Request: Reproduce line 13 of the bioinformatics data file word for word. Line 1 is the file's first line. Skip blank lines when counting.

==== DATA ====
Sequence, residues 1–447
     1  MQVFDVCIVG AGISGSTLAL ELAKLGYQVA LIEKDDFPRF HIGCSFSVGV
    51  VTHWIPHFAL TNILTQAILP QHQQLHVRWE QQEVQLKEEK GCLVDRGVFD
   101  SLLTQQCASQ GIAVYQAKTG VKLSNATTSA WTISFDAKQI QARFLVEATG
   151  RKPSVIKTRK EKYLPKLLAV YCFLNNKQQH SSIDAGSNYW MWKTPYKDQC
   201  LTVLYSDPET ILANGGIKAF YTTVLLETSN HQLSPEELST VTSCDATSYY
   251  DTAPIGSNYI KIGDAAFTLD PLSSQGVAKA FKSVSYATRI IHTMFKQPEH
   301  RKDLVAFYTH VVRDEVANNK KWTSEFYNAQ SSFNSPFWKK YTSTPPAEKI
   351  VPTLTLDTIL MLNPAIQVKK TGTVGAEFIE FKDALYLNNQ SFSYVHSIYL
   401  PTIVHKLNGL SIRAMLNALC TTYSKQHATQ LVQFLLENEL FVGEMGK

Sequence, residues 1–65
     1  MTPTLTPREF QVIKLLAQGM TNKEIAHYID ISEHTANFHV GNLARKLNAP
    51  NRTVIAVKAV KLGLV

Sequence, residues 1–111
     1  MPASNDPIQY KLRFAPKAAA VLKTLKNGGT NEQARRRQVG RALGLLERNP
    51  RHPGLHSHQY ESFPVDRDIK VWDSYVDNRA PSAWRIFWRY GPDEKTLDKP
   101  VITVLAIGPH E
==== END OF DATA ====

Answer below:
    51  NRTVIAVKAV KLGLV